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We are posting this from last nighs hostel while we are picking up our luggage. This morning we went through the complicated process of packing our bags so they would be ideally set for night trains & getting ready in rail station bathrooms. Then we shoved them into hostel lockers and set off to sightsee. Now we’re picking them up and going to catch a train to Germany…well first we go an hour into Metz Ville (in France), then 7.5 hours overnight to Munich. We are excited to see what a night train is like and are not too worried about being able to sleep…Kristin had a throwback to her insomniac days last night & is feeling the effects of only 2-3 hours of sleep and Justine can really sleep anywhere, anytime!

Wish us luck with our nightime travels & with the drunk Germans tomorrow!
Love, Luck & Leafy Park,
K&J

That’s what I love about you Canadians: You’re adorably quirky!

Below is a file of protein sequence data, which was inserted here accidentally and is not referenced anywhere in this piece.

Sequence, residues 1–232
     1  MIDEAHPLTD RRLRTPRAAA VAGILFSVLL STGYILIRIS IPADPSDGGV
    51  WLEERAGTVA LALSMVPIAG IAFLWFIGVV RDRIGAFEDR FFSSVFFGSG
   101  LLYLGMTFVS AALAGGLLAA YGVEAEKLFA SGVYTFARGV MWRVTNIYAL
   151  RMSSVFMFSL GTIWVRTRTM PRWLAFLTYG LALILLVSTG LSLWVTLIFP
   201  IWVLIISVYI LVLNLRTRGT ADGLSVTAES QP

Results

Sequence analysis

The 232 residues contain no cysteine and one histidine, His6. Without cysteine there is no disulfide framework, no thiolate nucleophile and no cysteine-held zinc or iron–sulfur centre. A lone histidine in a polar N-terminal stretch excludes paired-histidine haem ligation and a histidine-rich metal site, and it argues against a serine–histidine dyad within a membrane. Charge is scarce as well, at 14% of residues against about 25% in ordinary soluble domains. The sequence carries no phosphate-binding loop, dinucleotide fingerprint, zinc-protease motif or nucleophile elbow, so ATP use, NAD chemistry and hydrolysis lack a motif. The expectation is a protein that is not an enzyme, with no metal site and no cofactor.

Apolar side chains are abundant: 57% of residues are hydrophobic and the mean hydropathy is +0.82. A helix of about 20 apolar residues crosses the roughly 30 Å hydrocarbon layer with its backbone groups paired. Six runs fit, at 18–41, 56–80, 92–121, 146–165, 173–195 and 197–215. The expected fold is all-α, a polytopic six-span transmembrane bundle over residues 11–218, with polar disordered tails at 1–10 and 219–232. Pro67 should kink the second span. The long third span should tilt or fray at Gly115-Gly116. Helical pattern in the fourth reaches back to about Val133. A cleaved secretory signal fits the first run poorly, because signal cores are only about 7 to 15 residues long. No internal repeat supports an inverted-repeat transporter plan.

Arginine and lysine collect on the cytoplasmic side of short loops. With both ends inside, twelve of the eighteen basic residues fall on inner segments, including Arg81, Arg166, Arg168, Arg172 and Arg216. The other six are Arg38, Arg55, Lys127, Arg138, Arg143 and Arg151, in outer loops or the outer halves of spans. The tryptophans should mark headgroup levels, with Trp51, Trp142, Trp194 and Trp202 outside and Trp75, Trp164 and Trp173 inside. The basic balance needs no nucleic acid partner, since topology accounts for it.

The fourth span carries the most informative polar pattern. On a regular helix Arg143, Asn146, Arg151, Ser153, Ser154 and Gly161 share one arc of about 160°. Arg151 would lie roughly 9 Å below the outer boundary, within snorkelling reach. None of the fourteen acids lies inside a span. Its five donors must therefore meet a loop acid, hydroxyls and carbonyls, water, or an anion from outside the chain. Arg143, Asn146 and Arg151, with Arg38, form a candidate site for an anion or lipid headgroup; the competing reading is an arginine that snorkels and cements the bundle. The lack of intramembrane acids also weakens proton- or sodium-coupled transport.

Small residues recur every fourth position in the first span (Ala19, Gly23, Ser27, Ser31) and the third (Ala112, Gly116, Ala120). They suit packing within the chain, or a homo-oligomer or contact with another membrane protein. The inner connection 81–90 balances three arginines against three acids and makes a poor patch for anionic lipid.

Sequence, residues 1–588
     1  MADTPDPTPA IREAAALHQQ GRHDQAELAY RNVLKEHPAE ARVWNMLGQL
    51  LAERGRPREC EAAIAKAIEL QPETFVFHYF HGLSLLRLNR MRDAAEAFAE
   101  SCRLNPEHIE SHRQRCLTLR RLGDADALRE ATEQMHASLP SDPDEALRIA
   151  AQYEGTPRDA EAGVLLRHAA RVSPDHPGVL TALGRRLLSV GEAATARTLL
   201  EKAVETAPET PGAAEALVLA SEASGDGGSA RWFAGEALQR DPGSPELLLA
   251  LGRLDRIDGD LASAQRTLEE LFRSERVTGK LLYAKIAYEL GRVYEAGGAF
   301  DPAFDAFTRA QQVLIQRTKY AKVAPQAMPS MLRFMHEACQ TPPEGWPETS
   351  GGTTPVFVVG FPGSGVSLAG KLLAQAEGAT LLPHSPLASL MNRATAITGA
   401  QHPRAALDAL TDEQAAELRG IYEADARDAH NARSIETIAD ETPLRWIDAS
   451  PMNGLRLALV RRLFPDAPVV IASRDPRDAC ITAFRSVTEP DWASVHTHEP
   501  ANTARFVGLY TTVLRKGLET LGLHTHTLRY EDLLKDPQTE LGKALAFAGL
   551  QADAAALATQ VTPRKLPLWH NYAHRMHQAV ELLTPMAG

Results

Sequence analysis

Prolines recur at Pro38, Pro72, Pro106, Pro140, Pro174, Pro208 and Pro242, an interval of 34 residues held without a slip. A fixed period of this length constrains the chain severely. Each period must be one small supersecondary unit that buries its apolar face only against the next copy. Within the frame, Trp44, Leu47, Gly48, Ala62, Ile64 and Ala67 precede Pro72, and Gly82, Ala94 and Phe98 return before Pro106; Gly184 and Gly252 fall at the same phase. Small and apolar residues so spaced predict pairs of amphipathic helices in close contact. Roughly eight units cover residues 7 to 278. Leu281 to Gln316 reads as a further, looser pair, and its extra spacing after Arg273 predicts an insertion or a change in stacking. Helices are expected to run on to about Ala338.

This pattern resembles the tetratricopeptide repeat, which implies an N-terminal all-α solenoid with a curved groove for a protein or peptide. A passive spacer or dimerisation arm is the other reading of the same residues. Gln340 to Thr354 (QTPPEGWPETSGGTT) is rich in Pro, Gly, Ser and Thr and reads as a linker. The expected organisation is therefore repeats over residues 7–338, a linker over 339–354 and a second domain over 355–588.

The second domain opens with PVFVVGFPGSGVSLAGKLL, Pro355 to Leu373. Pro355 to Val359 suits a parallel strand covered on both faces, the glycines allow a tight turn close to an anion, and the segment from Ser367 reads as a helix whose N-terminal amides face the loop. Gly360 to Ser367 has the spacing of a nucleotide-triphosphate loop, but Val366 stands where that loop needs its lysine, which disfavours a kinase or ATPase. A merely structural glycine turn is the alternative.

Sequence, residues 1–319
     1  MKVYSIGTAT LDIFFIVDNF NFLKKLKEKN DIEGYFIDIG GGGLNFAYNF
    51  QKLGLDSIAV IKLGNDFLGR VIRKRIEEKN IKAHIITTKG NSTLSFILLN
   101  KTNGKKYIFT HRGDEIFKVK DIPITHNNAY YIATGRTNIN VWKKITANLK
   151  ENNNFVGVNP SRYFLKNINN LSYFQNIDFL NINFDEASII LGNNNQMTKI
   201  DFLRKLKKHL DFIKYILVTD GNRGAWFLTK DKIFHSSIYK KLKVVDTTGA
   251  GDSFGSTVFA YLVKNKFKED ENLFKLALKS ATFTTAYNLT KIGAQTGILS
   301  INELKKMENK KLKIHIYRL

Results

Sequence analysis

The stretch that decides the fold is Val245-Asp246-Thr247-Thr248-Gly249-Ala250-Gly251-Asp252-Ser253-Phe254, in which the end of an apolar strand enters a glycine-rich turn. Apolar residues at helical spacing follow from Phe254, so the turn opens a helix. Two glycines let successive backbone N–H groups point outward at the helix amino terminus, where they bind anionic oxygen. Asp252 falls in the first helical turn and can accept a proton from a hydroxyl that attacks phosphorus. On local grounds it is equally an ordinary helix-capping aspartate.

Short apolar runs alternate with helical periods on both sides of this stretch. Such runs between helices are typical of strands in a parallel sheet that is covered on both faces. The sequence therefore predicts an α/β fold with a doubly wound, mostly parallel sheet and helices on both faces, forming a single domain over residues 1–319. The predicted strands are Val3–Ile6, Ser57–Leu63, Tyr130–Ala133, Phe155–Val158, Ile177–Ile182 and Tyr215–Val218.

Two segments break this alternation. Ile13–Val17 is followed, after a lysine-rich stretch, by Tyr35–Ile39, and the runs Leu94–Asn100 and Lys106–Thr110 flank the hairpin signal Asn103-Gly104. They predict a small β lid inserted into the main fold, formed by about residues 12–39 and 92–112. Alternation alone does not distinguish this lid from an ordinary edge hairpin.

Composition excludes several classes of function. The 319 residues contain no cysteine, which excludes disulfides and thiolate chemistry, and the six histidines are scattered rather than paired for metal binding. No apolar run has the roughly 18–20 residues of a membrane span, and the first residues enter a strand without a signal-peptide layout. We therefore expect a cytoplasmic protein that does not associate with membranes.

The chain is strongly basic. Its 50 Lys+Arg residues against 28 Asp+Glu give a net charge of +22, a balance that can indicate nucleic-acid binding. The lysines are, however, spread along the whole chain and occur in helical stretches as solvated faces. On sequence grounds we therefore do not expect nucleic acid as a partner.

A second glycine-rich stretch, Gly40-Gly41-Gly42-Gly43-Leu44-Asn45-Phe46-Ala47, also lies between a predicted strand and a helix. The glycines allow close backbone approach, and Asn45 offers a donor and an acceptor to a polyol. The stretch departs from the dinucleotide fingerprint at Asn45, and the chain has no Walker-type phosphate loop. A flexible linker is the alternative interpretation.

Bonjour! Guten Tag! Moien! Hello!
We are coming to you live from the one and only Luxembourg. Where?! you ask…well Luxembourg is a 2586.4 square kilometer country squeezed in between France, Germany & Belgium. In case you are not experts at estimating size, 2586.4 km^2 is less than half the size of PEI! The population of the entire country is 502,202…that’s about the same as London, Ontario (not even one of the biggest Canadian cities). So basically, it’s not very big.

This morning we hopped on the tram to the train station, then a train to Luxembourg. The journey we split into 2 parts: an approximately 3 hour ride from Amsterdam to Brussels, then an approximately 3 hour ride from Brussels to Luxembourg City. In between we picked up some lunch…pasta to go!
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Justine cant believe how awake she was on the train today…she actually stayed awake for the whole first trip. (Kristin can’t believe how sleepy she normally is on trains…or in regular life…) Once in Luxembourg, we hopped on a bus and ended up just up the hill from our hostel.